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Sunday, November 13, 2011

The Continuing Re-Definition of "Speech"

Nov 13th, 2011
by F. Grey Parker

As an American smoker who has also spent time in Europe and in Canada, the concept of dramatically more discouraging messaging on cigarette packages is not alien to me. In fact, it makes a great deal of sense. The labeling that was supposed to begin accompanying American tobacco products, in much the same way that these other countries have demanded, is now in limbo due to the amazing logic of one American judge.

Via the NY Times:

"In a preliminary injunction, Judge Richard J. Leon of United States District Court in Washington ruled that cigarette makers were likely to win a free speech challenge against the proposed labels, which include staged photos of a corpse and of a man breathing smoke out of a tracheotomy hole in his neck."

The decision needs to be read to be believed:

"The FDA conveniently refers to these graphic images as "graphic warnings." While characterizing the mandatory textual statements as "warnings" seems to be a fair and accurate description, characterizing these graphic images as "warnings" strikes me as inaccurate and unfair. At first blush, they appear to be more about shocking and repelling than warning. Accordingly, I will refer to them simply as graphic images, and set this self-serving "warning" label aside for closer analysis on another day." EMPHASES OURS

Welcome to the "objective" legal mind of Judge Leon.

"Appropriating the top 50% of the front and back of all cigarette packages manufactured and distributed in the United States is hardly a directive narrowly designed to achieve the Government's purpose (whatever it might be)." EMPHASIS OURS

More from the NY Times:

"The judge ruled that the labels were not factual and required the companies to use cigarette packages as billboards for what he described as the government's "obvious anti-smoking agenda!" EMPHASES OURS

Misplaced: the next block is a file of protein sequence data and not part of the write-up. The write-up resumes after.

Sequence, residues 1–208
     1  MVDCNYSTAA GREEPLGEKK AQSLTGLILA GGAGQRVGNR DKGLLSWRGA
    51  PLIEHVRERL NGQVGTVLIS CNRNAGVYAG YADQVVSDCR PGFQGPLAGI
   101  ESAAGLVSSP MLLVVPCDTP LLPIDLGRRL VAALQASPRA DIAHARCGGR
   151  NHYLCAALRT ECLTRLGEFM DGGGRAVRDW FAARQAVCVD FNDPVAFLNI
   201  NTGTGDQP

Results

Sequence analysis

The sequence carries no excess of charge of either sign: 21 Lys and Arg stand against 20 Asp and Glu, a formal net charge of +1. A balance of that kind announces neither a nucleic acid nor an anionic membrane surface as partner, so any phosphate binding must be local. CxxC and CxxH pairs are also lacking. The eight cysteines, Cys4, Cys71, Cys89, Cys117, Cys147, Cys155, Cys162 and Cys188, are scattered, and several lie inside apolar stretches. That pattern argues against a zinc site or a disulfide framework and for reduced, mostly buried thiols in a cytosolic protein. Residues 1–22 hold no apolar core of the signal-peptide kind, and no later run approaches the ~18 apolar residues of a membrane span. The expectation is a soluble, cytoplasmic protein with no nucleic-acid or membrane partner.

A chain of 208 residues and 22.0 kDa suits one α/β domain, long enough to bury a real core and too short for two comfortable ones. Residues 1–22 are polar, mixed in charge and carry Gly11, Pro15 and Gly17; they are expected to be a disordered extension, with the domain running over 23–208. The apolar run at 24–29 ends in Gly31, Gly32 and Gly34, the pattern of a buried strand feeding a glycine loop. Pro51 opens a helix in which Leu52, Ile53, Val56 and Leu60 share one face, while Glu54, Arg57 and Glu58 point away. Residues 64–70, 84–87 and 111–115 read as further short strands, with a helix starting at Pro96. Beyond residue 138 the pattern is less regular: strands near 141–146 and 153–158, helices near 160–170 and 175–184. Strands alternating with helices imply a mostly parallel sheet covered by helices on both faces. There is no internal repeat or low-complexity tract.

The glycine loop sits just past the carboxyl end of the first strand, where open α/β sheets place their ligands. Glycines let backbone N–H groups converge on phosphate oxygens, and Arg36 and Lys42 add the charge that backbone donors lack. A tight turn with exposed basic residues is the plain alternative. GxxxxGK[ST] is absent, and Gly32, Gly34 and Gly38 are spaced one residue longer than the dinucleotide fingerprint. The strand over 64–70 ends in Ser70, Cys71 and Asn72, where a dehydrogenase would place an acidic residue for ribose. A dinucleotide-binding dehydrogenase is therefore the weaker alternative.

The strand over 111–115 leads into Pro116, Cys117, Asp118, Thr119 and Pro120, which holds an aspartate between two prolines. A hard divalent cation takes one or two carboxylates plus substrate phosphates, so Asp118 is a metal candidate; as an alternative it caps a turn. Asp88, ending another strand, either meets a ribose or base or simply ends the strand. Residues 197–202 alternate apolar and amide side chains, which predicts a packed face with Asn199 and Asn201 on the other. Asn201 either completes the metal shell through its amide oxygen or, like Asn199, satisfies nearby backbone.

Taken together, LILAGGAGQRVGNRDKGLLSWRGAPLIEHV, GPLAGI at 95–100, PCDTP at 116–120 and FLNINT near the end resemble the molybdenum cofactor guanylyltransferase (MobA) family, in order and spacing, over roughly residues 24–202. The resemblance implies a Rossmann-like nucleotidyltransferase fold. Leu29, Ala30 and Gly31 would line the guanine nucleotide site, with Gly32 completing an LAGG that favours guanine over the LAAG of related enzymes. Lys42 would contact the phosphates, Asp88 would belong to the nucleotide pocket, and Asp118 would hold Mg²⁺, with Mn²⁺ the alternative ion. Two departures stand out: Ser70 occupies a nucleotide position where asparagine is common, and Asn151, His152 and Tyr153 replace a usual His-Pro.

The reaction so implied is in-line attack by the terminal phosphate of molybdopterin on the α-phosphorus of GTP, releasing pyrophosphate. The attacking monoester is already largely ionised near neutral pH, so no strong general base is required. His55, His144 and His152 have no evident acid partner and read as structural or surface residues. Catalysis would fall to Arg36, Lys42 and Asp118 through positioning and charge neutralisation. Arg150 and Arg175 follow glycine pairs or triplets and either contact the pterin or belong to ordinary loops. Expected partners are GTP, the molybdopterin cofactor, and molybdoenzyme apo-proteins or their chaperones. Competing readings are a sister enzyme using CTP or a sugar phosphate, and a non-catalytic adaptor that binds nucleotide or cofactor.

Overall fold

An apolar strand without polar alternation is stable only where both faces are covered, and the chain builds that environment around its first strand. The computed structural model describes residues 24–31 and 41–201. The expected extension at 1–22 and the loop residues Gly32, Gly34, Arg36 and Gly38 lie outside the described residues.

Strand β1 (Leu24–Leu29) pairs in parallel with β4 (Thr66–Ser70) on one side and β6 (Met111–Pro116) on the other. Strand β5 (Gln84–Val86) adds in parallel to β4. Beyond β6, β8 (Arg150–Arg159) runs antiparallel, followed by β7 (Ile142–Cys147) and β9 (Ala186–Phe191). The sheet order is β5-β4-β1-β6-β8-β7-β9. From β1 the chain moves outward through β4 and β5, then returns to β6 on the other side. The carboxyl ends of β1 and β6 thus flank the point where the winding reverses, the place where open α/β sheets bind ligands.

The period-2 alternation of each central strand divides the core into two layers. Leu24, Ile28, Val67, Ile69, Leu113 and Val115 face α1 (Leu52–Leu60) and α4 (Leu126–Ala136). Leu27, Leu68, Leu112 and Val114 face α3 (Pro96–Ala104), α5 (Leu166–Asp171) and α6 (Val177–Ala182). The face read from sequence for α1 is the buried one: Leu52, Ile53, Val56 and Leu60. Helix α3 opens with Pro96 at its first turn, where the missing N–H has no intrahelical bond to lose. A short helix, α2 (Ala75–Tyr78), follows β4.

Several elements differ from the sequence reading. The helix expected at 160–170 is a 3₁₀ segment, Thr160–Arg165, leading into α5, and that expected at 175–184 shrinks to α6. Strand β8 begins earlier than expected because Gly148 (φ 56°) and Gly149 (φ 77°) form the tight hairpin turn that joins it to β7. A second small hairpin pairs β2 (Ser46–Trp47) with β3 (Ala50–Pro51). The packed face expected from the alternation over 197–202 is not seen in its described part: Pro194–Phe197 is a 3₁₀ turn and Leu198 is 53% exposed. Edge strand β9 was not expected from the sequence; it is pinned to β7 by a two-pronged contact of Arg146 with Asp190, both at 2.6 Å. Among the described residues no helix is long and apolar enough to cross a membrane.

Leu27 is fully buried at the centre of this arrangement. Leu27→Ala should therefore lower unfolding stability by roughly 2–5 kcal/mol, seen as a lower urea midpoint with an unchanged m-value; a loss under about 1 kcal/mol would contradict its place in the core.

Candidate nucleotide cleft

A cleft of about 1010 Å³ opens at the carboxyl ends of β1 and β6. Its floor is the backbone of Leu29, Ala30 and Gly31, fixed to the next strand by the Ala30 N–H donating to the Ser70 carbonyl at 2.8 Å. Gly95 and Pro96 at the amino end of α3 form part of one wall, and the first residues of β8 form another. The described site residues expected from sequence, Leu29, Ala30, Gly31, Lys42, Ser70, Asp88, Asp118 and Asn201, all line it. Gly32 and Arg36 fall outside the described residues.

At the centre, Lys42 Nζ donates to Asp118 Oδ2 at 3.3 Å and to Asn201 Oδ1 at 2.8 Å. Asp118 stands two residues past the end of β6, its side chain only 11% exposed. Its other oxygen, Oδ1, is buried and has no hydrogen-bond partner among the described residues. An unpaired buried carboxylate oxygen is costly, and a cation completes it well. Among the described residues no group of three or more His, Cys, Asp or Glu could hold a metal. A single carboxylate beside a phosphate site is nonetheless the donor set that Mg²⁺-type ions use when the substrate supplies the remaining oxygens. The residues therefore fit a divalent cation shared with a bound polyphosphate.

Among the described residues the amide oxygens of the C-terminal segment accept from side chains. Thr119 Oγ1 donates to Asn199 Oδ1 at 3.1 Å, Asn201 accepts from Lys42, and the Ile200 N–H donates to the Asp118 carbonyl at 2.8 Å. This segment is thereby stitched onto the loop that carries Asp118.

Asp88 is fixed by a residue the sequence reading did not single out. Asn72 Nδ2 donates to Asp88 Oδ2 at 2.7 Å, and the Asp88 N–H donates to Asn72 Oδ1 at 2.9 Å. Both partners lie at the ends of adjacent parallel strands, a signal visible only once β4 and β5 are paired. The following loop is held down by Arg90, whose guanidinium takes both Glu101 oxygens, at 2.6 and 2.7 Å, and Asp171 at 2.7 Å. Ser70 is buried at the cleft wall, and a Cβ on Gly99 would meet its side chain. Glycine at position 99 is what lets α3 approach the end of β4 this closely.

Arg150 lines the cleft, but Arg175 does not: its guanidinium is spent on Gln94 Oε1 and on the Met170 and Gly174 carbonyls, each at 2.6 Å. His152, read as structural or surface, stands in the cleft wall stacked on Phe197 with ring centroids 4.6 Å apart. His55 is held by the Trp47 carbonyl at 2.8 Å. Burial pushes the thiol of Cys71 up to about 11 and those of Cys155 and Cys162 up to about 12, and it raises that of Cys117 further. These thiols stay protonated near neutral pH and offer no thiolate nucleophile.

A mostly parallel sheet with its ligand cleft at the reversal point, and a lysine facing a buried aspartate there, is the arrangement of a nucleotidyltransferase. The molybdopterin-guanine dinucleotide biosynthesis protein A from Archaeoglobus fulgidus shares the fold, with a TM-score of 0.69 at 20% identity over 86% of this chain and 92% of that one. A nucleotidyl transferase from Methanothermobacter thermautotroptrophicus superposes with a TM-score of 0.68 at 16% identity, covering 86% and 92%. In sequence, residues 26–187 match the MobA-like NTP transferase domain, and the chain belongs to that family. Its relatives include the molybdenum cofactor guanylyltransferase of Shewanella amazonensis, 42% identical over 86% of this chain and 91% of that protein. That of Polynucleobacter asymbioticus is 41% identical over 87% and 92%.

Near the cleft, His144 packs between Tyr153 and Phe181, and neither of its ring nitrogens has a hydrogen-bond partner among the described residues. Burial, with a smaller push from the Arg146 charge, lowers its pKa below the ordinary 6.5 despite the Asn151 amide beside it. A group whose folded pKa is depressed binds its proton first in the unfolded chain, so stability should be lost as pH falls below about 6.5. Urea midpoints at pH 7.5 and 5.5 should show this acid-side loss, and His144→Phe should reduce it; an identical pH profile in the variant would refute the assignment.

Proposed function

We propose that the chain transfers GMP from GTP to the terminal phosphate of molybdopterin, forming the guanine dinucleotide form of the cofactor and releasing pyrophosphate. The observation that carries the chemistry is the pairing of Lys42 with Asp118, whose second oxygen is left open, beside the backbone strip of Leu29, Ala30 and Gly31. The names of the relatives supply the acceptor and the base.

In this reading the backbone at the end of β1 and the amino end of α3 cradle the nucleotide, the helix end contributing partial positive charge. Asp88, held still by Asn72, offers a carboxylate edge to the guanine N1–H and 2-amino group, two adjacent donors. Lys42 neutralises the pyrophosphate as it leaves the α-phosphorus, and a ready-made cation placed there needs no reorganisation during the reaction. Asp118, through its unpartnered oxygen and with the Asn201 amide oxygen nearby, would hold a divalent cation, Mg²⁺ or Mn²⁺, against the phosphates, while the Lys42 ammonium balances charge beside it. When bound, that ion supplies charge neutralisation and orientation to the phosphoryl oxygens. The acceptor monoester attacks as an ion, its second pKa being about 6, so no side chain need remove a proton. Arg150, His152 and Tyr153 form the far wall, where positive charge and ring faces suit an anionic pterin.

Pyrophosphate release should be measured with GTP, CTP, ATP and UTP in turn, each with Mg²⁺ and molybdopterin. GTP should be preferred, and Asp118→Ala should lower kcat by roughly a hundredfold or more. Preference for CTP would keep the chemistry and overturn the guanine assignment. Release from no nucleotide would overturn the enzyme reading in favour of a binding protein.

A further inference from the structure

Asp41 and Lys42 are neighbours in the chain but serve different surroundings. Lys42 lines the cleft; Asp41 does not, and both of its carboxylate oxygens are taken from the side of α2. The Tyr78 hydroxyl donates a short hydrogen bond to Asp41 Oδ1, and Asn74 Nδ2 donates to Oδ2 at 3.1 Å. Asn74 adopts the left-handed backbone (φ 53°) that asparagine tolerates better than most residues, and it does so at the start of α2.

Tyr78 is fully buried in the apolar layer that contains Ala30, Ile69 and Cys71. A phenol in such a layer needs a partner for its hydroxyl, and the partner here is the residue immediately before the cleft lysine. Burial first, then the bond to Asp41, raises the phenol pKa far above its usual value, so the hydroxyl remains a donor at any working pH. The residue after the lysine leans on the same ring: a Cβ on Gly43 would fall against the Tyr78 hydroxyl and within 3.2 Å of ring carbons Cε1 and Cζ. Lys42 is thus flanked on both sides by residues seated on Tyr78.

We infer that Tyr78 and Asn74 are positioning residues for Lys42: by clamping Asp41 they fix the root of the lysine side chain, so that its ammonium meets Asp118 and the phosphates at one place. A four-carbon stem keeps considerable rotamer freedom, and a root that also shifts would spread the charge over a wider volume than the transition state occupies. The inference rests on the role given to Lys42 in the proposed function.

The exclamation point is in the decision. The judge seems to be, as if in the midst of an epiphany, crying out, "HA! Got ya!" Indeed. He equates the fulfillment of a congressional mandate with sinister bias. Debi Johnson-Champ parsed this nugget in near disbelief:

"To repeat: the government was accused of having an “obvious anti-smoking agenda.” Really? Is that what the Tobacco Control Act involves? What else would a tobacco control act involve but an obvious anti-smoking agenda? The title speaks volumes. The actual Act can be reviewed here."

More from Judge Leon's decision:

"Unfortunately for plaintiffs, however, the standard for irreparable economic harm in our Circuit is so demanding that the proof of even tens of millions of dollars in economic detriment does not necessarily suffice."

It is as if Judge Leon came right out and said, Sorry guys, even I have to find against you on grounds of economic harm because it so little relative to your bottom line. I got an idea, though...

"...plaintiffs are likely to prevail on the merits of their constitutional claim, and where their First Amendment interests are either threatened or in fact being impaired at the time relief is sought, there is more than a sufficient showing of irreparable harm. To that end - and contrary to defendants' protestations otherwise, the harm plaintiffs suffer is, in fact, "serious in terms of its effect," precisely because their First Amendment rights have been abridged. Such harm is not, as defendants conveniently claim, merely "the ordinary costs of  complying with regulations." It is the residual effect of unconstitutionally compelled commercial speech designed to advocate, at a company's expense, a competing policy agenda." EMPHASES OURS

The public interest, or, if you prefer, the promotion of the general welfare, in the eyes of this judge, is now just another "agenda" to be trumped by the demands of private capital.

Let's get real.

We're not talking about pancake batter here. Nicotine is a drug. Nicotine is a debilitating and addictive drug, at that. What's more, nicotine serves no broad purposeful good. Its negatives are not a "side-effect" to be weighed against some countervailing benefit. Also, the FDA is the established American regulatory body with jurisdiction over drugs. That it has not banned tobacco outright is the result of years of questionable exemptions and protections premised upon dubious arguments about tradition or economic impacts.

As for the charge that the warnings are "not factual?" It is absurd on its face. How many tracheotomies are performed every year in America that don't involve smoking compared to those that do? How many cases of lung cancer and early death are unrelated to smoking compared to those that are?

I have a "modest proposal" for the FDA; spare the taxpayer expense, abandon the appeals process and, at the same time, send a tribute to Judge Leon... Force America's nicotine pushers to simply label the package with these words in big, bold type:


It's just a suggestion. Of course, Judge Leon might argue that it's not "factual." Or, at the very least, that it is just a "competing policy agenda."

1 comment:

  1. Perhaps we should send the judge this link.